2020 State of
NCCS conducted the 2020 State of Cancer Survivorship Survey with a broad, national sample that mirrors the population of cancer survivors in the United States. We found consistent themes from the first NCCS survivorship survey in 2018, such as: cancer survivors face significant challenges both during and after treatment. While the cancer care team effectively addresses many of the physical effects of cancer treatment, survivors reported that their care team is not as helpful addressing other effects of their cancer, including fatigue, anxiety, and depression.
When we compare the national sample with patients who are connected to an advocacy organization, such as NCCS, we see differences in the level of empowerment and involvement in decision-making. The majority of patients in the national sample defer to their clinicians for decision-making about their care.
Educating and empowering patients is an important goal of NCCS, but at the same time, we must work toward a health care system that works for ALL patients, even if they are not able or interested in playing an active role in their care.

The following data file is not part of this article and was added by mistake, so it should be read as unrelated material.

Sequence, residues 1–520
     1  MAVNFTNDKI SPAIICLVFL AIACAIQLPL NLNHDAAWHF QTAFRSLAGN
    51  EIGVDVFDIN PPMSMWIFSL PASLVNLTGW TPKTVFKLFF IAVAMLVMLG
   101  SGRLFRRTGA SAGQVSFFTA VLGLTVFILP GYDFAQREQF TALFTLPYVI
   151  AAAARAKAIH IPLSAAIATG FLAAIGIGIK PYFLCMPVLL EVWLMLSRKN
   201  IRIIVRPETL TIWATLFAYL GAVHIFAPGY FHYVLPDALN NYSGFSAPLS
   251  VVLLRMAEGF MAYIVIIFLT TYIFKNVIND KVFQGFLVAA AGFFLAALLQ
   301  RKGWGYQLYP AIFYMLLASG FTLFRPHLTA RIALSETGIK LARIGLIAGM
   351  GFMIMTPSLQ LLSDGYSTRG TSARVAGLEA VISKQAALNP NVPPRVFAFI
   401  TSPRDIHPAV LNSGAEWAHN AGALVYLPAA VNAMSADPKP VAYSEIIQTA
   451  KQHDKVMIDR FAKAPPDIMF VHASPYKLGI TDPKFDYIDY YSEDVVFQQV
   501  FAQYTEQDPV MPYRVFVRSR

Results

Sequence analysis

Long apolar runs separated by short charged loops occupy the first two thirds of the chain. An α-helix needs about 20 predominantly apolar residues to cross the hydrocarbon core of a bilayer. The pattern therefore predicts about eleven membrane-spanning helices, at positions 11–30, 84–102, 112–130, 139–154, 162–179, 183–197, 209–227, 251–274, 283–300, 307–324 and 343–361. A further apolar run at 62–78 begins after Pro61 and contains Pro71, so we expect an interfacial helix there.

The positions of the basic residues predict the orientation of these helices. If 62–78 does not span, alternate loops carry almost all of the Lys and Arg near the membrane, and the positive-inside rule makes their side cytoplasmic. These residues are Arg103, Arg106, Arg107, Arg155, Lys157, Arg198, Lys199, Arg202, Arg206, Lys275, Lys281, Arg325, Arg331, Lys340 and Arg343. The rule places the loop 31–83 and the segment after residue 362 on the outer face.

NCCS CEO Shelley Fuld Nasso
Watch the Web Briefing
In this briefing, you will:
- Listen to NCCS CEO Shelley Fuld Nasso and Edge Research Principal Pam Loeb, who will present the survey findings.
- Hear what cancer survivors reported about how helpful their health care teams are at addressing a range of side effects.
- Learn more about cancer survivors’ experiences and needs for post-treatment information and care, as well as the demand for survivorship resources.
- Better understand the patient experience, including new questions about cancer survivors’ mindset, the multi-disciplinary team, clinical trials, and the help needed to address side effects.
To try to address these gaps, we encourage you to become involved in NCCS and use these resources.
Access the 2018-2019 NCCS Survivorship Survey »
Want to share your survivorship journey?
Are you, or someone you know, advocating for care? Share your story.
This program is supported by an educational grant from Bristol-Myers Squibb.